With many clients fearing mold’s side effects, some inspectors try to steer clear of mold as much as possible. Others see mold’s prevalence and clients’ interest as investment opportunities.
Brian Thomas, President of A-Z Tech Home Inspections, Inc. in Pennsylvania, began to offer mold inspections in direct response to client demand.
“We were being told, ‘My kids are allergic, I’m allergic, so we need to know if there’s mold in this house,’” Thomas said. “Visuals are one thing, but if you don’t do an air test, you’re not really doing anything with mold.”
By adding mold to its list of services, A-Z Tech acts as a one-stop shop for its clients so that, as its slogan promises, “one call does it all,” Thomas explained.
In addition to providing a valuable service, mold inspections can expand a home inspector’s business.
“A lot of times, a mold inspection isn’t related to the sale of the home,” explained Robb Graham, President of the Professional Mold Inspection Institute (PMII) in South Dakota, which provides mold training and certification for inspectors and remediators. “If someone gets water damage or has moisture issues, they’re not necessarily selling their home. [Offering mold inspections] allows you to do a similar type of service [but for] a different revenue stream.”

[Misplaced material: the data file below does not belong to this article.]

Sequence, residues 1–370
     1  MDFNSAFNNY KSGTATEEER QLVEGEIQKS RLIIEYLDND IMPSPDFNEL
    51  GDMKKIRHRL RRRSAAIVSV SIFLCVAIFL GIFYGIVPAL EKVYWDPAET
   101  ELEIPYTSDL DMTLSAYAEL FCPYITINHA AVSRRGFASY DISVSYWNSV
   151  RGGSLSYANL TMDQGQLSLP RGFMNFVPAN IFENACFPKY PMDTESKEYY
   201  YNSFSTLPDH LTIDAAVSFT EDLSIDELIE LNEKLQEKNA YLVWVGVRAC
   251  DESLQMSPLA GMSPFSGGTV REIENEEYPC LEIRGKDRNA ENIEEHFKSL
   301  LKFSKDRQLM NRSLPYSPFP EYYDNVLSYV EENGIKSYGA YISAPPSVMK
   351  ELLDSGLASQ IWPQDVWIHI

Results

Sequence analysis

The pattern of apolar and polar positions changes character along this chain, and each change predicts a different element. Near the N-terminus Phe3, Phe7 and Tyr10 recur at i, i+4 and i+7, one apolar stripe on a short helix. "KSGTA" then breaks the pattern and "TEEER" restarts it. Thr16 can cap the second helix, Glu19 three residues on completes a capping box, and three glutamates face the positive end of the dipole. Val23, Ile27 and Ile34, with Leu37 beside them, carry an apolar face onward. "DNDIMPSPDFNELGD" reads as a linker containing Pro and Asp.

Mold Inspection Investments
Education & licensing
Inspectors and claims specialists alike recommend that home inspectors take a class that focuses on mold. Even if your state doesn’t require coursework or certifications, the knowledge you obtain by taking a class about mold can differentiate your business, better your sampling and reporting skills, and manage your risk.
Periodically, The ASHI School offers a class about mold that covers the latest in sampling techniques and how to analyze microbial growth. The course is approved for 24 ASHI Continuing Education Credits. Check The ASHI School website for availability.
Other third-party training schools, like PMII and American Home Inspectors Training (AHIT), offer mold courses, too. Choose the best one for you based on your state requirements, interests, and budget.
Most states do not require mold assessors to have a license. But some—like Florida and New York—do. Be sure to check your state laws to see if your area requires licensure and what you need to do to obtain licensure.